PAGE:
One afternoon I was so focused on stalking the bumblebees that I almost missed a gorgeous yellow swallowtail butterfly that landed right in front of me!  Once I saw it, I prayed a quick prayer:  “Lord, just let it stay there long enough for me to shoot it…with my camera!”  I was able to get several shots before if flitted and floated away.

It got me thinking about how often I go about my life with tunnel vision, so focused on one thing, one outcome, one purpose.  How often I miss something wonderful while chasing after something else.  I could have easily missed—or dismissed—the butterfly while stalking the bumblebee, and missed a wonderful moment of beauty and surprise.  

I am grateful for the butterfly’s lesson.  In the fluttering of its wings I could almost hear God saying, “Be open to the unexpected.  Be open to surprise.  Be open to blessing!”  Indeed.  Lord, help me to be more open to Your wonderful surprises!Image


The Big Five


Mama and her sisters

Mama was the youngest of 9 children, 5 girls and 4 boys.  I was blessed to know most of Mama’s siblings and to have close relationships with them.  I missed out on knowing my Uncle Horace, who died before I was born, and my Uncle Eli, who died when I was very small and I have no memory of him, if I ever met him at all. The oldest child was 20 by the time Mama came along, so there was a big spread in their ages.  There was a big spread in their personalities, temperaments, talents and challenges as well.  None of Mama’s kinfolks were perfect, but they were all originals!

For years, Aunt Ruby would host Thanksgiving at her house.  It was the biggest family gathering of the year and an occasion I always looked forward to.  There would be so many of us that we would eat in shifts at the kitchen table.  Aunt Ruby would roast the turkey, starting in the wee hours of the morning.  I can’t count the number of Wednesday-night-before-Thanksgiving sleepovers I spent there with her and Uncle John and my cousins, waking up to the smell of turkey in the oven and the anticipation of seeing so much family throughout the day.  At some point during the day, 2 or more of the sisters would pile into the one small bathroom to pee and fix their lipstick and get tickled at something and laugh till someone had to pee again.  It was my favorite holiday, hands down.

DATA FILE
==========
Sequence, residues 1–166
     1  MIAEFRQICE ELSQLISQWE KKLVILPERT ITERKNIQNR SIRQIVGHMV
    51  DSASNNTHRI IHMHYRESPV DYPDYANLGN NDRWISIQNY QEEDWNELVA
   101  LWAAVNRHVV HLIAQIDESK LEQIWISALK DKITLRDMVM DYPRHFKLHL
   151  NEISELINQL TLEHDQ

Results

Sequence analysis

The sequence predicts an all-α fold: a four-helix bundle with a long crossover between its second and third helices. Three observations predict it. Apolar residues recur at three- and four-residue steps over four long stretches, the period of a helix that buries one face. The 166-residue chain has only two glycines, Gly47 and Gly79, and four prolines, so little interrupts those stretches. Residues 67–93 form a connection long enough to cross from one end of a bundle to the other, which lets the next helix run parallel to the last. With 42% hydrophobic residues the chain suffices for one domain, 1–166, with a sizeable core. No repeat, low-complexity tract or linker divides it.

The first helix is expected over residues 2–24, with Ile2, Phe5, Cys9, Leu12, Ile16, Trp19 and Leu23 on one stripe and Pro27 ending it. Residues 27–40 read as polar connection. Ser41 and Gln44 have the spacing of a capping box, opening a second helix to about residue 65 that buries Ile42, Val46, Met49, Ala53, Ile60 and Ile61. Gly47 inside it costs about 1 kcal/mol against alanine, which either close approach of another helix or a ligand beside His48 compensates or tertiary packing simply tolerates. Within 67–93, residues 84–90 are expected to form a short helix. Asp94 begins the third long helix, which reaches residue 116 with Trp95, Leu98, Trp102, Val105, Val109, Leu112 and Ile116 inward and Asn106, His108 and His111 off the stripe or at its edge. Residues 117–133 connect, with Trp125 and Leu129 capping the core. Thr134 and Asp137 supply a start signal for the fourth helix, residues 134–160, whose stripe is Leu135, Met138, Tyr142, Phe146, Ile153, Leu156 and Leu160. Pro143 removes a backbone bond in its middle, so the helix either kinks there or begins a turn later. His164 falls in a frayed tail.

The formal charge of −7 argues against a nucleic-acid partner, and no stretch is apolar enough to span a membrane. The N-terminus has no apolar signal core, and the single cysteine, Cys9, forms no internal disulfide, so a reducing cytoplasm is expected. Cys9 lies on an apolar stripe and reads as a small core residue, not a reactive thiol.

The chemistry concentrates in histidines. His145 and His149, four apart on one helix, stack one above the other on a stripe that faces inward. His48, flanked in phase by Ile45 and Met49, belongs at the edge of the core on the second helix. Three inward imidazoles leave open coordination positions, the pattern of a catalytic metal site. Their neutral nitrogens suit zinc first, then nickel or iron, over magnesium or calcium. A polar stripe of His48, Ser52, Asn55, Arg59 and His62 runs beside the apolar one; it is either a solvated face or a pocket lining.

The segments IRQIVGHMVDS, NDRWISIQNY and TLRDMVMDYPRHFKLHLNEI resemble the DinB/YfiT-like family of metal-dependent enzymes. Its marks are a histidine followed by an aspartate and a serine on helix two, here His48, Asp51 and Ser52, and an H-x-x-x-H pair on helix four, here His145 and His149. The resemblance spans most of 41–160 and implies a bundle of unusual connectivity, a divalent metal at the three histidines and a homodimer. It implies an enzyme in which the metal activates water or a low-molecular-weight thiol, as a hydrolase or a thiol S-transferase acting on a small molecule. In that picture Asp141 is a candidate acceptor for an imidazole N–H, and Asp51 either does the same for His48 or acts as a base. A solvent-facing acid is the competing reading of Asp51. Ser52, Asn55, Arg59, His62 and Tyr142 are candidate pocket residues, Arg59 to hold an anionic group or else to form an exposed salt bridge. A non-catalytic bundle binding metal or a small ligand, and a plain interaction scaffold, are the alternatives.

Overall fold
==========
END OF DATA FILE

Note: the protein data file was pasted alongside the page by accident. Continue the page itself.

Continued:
For a number of years, Mama and her sisters would line up on Aunt Ruby’s front porch for a picture of  “The Big Five”.  They would line up in order of their ages, so whichever way the lineup went, Aunt Martha always ended up in the middle because she was the middle girl!  Mama enjoyed unique, close relationships with each of her sisters (and her brothers, too).  She, Aunt Ruby and Aunt Martha shared a love of quilting and spent many hours around the frames creating works of art that grace many of our beds to this day.  Mama and Aunt Elaine worked together for years in a nursing home caring for elderly patients, including Dad’s parents, my Mamaw and Papaw.  Aunt Mary was the oldest girl, but in many ways  she was the neediest because of the struggles she faced for most of her life.  Of all her sisters, Aunt Mary leaned on Mama the most.

Mama took a little something from each sister:  From Aunt Mary, her feistiness (and sometimes her temper!); from Aunt Ruby, her strength; from Aunt Martha, her humor; and from Aunt Elaine, her sometimes naive desire to believe the best about people.  I have been privileged to grow up knowing and loving these women.  Sometimes I am told that I bear a resemblance to one of them.  Often when I laugh really hard, it sounds a lot like Mama’s laugh, the music of the ages bubbling up from her and all the women in our family.  Only Aunt Ruby remains of “The Big Five”, the others having gone on to Heaven.

I miss them.  I miss the hugs and the quiet moments I spent with each one of them.  I miss the Thanksgivings, the peals of female laughter from Aunt Ruby’s bathroom, and the front porch portraits of “The Big Five”.Image

One Big Thing


Welcome to Patchwork and Potpourri—Pieces of Life


In starting this blog project, I wanted to share some of the stories of my family, my experiences and the wonderful ways God has worked in my life to make it rich, challenging and rewarding.  As I thought more about all of this, I realized that a big life is really made out of a lot of small pieces.  Mama was, among other things, a quilter.  The whole family snuggles under quilts she worked on with Granny, Aunt Ruby, Aunt Martha and Mrs. Allred (our neighbor until we moved when I was 16).  Dad used to joke with them, saying,”Why do you go to so much trouble cutting up big pieces of cloth into little pieces and then sew them up into one big piece again?”  Of course, he appreciated the beauty of those handmade treasures as much as all the rest of us do.

Life is really like a quilt, or like a colorful, fragrant jar of potpourri; one big thing made out of a lot of little pieces.  As I write here about the pieces of my life, I hope to share meaningful stories and descriptions of the people who populate my universe, the experiences that have shaped who I am becoming, and why they have meant so much to me.  I am glad to have the company of anyone who wants to read along, laugh, think, and laugh some more.  Image